Day 21: Rabanal del Camino – Ponferrada

34 km

The albergue in Rabanal was a happening place.  Frank was there and a German couple who started walking from their home in Germany.  They walk a little every year.  This night would be their last for this year; next year, they’ll reach Santiago, a journey some five years in the making.

Together, we ate bountiful platters of maccarones; I could hardly finish half of mine.  The first time I’ve ever failed to consume my allotment of pasta.

Then, we went to a simple vespers service in a crumbling stone church filled to capacity with pilgrims from around the world.  Raphael was barefoot, I was limping, and the brothers from the monastery chanted poorly, but there was something beautiful there.

Afterwards, we walked the stone wall around the city and watched in amazement as the sky erupted into a gloriously golden sunset the likes of which I have never seen.  It was definitively beautiful.

. . .but ephemeral. . .

The hard work of a long day’s walk is a pilgrim’s constant; glimpses of beauty are fleeting.

From Rabanal we would make one of the greatest ascents of the pilgrimage to Cruz de Ferro and likewise one of the more terrifying descents.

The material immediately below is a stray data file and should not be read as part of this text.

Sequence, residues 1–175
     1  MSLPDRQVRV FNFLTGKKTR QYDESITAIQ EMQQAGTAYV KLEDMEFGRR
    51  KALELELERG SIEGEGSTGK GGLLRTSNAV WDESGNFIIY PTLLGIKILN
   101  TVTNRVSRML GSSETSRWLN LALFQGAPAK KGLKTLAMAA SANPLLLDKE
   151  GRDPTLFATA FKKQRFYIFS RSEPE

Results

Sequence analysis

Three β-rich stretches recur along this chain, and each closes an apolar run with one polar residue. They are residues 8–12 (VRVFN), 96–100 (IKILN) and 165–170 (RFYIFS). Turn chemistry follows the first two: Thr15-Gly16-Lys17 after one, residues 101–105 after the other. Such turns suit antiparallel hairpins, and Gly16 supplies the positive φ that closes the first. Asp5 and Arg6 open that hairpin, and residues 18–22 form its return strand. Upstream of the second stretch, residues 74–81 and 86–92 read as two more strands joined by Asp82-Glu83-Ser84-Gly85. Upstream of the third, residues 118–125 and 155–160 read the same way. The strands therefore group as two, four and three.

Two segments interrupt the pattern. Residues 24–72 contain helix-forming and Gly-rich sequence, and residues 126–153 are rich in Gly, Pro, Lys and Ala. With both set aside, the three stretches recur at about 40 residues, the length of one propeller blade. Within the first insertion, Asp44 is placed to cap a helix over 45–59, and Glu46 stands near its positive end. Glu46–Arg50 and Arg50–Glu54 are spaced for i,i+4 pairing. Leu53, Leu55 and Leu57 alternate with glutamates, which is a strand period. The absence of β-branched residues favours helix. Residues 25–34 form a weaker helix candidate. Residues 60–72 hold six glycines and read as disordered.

“Cruz de Ferro is a famous landmark on the Camino originally to help pilgrims find their way across the mountains.  Traditionally each pilgrim adds a stone, brought from home, to the huge cairn below the cross.”

Farther on in Manjarin its single resident Tomas has devoted his life to providing simple hospitality to the hundred of pilgrims who pass his remote hermitage every day.

In Ponferrada, a city of some size, there is a single albergue with 210 beds.  When Raphael and I arrived, they were starting to fill the basement chambers.  Everything upstairs was full.

I always like to be on top and preferably in a corner.  Mid nap in my top corner bunk, I was awakened by rushing (sewer?) water in the pipe above me.  Yikes.

For dinner there was quite a bit of competition in the smallish kitchen.  Unlike in Hospital where everyone contributed to a common feast, here a dozen groups were all trying to cook meals separately at the same time.

I assured Raphael I knew my way around the kitchen and could whip something up.  After an hour or so of fighting for pots, burners, and utensils, I ended up with a giant bowl of overcooked penne doused with a warmed tin of tomatoes seasoned with effectively raw onions.

By all appearances I was not a master of French cooking.

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